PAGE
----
Driver's distraction has become an important and growing safety concern with the increasing use of the so-called In-Vehicle Information Systems (IVIS), such as cell-phones, navigation systems, etc. A very promising way to overcome this problem is to detect driver's distraction and thus to adopt in-vehicle systems accordingly, in order to avoid or mitigate the negative effects. The purpose of this paper is to illustrate a method for the non-intrusive detection of visual distraction, based on the vehicle dynamic data; in particular, we present and compare two models, applying Artificial Neural Networks (ANN) and Support Vector Machines (SVM) which are well-known data-mining methods.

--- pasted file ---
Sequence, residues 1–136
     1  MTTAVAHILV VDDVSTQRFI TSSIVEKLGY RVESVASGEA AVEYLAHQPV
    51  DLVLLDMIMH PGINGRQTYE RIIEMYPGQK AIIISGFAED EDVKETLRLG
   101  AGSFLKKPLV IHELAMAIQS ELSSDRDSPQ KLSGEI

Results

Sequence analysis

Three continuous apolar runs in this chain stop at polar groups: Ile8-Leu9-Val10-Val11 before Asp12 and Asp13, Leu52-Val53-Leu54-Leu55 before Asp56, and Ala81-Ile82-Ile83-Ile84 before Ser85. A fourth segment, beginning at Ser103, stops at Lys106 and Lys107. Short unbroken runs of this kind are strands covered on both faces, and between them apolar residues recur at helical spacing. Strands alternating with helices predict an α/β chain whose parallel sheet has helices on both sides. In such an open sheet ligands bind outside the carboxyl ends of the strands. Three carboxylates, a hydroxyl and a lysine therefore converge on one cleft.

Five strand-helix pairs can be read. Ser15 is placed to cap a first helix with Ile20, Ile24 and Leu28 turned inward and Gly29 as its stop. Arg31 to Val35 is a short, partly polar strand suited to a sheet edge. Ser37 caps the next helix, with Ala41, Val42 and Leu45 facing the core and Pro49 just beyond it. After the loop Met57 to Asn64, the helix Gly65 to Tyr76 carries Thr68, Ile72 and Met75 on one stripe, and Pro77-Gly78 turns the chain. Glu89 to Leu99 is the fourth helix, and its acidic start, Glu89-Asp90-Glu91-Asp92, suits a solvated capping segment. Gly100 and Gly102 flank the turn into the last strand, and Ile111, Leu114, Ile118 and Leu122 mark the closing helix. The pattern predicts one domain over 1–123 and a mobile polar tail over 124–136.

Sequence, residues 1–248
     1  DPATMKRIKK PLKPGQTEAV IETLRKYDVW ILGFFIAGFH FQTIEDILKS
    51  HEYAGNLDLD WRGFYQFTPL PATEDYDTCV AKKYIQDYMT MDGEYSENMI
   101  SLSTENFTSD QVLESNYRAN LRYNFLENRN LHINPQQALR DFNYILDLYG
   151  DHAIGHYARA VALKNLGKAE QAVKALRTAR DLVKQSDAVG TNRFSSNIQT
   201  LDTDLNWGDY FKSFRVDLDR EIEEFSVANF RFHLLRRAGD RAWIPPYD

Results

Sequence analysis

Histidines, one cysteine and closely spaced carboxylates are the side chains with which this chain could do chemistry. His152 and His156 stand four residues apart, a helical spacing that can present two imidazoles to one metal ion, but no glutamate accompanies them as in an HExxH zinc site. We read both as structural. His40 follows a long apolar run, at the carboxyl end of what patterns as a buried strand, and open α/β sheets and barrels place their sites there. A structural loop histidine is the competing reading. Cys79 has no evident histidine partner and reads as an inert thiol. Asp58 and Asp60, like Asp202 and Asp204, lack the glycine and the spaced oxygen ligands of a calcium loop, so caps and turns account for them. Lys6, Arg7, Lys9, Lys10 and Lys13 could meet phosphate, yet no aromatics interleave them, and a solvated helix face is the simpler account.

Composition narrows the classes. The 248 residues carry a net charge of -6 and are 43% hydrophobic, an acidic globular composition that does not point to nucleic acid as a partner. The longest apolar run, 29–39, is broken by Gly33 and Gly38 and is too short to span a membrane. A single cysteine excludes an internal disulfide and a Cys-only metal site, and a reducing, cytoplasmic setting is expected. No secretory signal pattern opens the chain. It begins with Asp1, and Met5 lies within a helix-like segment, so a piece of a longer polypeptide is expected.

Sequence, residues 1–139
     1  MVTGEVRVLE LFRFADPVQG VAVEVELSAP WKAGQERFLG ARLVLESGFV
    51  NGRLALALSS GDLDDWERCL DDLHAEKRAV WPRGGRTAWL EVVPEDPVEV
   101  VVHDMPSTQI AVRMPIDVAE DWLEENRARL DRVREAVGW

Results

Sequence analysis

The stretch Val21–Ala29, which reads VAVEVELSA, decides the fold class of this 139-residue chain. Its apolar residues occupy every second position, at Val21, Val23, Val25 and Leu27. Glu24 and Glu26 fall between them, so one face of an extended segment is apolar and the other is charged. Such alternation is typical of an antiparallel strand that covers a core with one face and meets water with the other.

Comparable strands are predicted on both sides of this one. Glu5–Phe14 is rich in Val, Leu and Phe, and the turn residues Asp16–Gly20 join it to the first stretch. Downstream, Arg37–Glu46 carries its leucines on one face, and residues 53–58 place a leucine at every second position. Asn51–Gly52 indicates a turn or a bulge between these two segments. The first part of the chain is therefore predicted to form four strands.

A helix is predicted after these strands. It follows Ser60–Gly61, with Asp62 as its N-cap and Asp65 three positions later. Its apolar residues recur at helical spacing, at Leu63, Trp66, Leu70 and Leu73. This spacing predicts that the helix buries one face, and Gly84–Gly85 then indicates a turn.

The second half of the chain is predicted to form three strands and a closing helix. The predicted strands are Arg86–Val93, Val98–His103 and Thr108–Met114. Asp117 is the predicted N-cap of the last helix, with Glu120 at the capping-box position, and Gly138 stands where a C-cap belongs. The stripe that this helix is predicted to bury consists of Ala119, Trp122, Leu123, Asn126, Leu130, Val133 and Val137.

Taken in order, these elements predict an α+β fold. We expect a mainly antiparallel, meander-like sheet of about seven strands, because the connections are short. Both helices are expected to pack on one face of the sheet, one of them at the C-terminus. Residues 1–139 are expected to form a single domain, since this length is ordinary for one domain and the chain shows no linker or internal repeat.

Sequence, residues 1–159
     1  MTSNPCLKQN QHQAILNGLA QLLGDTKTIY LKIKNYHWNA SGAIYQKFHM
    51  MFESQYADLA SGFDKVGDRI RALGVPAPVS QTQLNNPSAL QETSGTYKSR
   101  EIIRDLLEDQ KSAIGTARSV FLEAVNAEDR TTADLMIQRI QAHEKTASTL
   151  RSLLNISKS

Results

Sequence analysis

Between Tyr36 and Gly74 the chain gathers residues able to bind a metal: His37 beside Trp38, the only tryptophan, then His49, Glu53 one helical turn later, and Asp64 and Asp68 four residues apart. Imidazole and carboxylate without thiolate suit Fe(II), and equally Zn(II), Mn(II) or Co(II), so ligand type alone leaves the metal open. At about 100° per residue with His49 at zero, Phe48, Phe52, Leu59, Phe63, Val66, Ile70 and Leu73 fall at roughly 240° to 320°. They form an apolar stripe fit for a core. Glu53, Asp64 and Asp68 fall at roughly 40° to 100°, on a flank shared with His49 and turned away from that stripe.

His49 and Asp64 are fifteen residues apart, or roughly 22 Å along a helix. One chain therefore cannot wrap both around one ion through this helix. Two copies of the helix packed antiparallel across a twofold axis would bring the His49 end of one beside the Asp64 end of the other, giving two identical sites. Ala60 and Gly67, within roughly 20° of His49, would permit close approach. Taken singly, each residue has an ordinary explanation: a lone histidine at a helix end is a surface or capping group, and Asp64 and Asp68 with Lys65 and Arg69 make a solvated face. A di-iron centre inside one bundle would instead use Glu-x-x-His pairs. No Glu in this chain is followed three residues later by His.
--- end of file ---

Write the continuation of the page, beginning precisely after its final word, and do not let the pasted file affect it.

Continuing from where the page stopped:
Despite of what already done in literature, our method does not use eye-tracker data in the final classifier. With respect to other similar works, we regard distraction identification as a classification problem and, moreover, we extend the datasets, both in terms of data-points and of scenarios.
Data for training the models were collected using a static driving simulator, with real human subjects performing a specific secondary task (SURT) while driving. Different training methods, model characteristics and features selection criteria have been compared.
Potential applications of this research include the design of adaptive IVIS and of “smarter” Partially Autonomous Driving Assistance Systems (PADAS), as well as the evaluation of driver's distraction.
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